It works for me and it works for us. In a few years, I know we’ll face the same dilemma—the PCS. I’ll end up starting over again, but I will have more knowledge and experience, an amazing portfolio, and a pretty good referral helping me along the way.

So, to answer the question: Yes. I do work outside the home, because it is important to me. I feel compelled to work, because that is part of what fulfills me. It is possible to have a career and work toward my goals and dreams while supporting my husband and moving every few years. It is difficult at times, but manageable.

I know I’m not the norm, but I’m also not alone. Many spouses juggle careers, families, and the stresses of military life. Finding what works for you is the key. Finding what makes you happy, fulfilled, and the best person you can be is key. For me, that is working “outside” the home.


  1. I think it’s great that you are so passionate about your career that you were willing to work hard to pursue it despite the obstacles presented by the Army.

    I worked as a teacher until we PCSed. Where I’m at now, the job market is no bueno, so I’m doing the housewife thing. It has been a strange change. I never imagined that I wouldn’t work. Nor did I imagine that my main “job” would be cooking dinner. I have pretty much come to terms with it now, and it helps to know that it’s temporary. (I also don’t call myself a housewife; I’m a “home economist.” Go with what works, right?)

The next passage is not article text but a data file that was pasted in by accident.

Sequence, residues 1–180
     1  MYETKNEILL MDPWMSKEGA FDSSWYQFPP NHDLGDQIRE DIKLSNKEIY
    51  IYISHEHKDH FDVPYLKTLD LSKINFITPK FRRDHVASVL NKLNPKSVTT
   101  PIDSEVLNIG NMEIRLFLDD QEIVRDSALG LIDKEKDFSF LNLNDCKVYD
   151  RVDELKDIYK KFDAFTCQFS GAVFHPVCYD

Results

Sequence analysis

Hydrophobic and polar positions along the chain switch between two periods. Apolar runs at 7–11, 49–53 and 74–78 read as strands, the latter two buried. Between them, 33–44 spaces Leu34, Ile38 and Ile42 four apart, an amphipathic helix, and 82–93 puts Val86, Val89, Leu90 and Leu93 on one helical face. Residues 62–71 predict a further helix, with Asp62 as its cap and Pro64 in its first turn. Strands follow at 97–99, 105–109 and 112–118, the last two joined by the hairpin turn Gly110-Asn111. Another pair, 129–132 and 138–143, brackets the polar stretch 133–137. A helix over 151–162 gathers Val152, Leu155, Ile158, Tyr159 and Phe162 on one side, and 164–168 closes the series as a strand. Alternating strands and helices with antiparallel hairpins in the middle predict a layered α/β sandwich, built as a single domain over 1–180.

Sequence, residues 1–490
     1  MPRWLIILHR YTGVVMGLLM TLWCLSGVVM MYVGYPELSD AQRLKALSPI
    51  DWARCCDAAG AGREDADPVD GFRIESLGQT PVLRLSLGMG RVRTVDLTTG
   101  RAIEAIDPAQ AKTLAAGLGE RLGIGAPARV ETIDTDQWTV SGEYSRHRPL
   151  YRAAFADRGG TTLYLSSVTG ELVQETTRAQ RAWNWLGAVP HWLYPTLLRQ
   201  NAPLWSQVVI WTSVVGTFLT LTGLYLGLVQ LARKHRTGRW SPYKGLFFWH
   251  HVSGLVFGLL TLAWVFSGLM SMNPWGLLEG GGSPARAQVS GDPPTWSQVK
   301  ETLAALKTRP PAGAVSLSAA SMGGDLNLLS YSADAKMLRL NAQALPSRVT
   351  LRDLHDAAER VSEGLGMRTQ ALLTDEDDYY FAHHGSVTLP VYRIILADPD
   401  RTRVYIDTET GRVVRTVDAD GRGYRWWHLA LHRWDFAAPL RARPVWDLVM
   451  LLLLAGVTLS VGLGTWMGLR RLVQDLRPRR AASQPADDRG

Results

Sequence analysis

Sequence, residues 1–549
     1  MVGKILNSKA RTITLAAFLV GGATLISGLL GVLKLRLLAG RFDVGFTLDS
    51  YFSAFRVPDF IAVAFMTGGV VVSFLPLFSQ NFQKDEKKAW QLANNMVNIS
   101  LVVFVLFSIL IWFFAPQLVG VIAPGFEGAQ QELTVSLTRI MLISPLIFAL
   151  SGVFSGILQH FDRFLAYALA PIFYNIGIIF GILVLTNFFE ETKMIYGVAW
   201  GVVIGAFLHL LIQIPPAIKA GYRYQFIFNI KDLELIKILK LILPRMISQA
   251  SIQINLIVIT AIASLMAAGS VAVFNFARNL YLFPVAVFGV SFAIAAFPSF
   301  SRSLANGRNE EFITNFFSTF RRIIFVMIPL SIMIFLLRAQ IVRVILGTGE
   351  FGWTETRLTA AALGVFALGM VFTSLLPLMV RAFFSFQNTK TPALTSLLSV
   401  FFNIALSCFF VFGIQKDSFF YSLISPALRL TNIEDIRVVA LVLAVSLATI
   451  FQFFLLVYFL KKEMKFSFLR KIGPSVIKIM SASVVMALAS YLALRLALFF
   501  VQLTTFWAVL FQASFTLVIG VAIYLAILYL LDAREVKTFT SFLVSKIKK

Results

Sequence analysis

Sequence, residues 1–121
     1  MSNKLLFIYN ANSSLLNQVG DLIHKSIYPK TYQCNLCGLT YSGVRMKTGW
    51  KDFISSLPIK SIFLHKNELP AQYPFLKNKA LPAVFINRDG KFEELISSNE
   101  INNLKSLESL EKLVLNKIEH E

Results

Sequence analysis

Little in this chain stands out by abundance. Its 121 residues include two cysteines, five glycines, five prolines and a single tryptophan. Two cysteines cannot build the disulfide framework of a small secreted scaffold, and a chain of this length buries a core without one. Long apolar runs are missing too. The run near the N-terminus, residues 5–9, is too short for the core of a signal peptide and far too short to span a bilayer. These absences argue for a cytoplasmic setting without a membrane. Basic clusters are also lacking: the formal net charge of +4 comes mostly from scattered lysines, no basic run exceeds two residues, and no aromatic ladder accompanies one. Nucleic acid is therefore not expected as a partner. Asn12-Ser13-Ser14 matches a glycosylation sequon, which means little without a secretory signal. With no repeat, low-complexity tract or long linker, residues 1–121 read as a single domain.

I’m really, really glad that I worked while my husband was deployed, and I’d suggest that other spouses consider it. It kept me busy, I had coworkers to lean on, it gave me purpose, and it was at a time that I really needed those things.*

    • I agree with Army Amy*. It is great to have a passion other than your family. Family can be your passion along with other things as well. I was a Management Analyst with the federal government before we PCS’d too. And just like Army Amy*, the job market is horrible so I am doing the stay-at-home thing too. I am not working on my master’s while here so maybe next PCS I will be more marketable.

      Good Luck and great article!

      • Thank you so much for your comment. I agree with both you and Amy as well. We are all multidimensional individuals and we have to embrace and honor our many passions!

  2. I am in the exact same position, and it’s driving me mad. My husband was transferred to Central America, and it has been an extremely hard transition. I quit my job October 2011, while my husband deployed to Iraq, to start a business that could sustain me when we PCSed down range.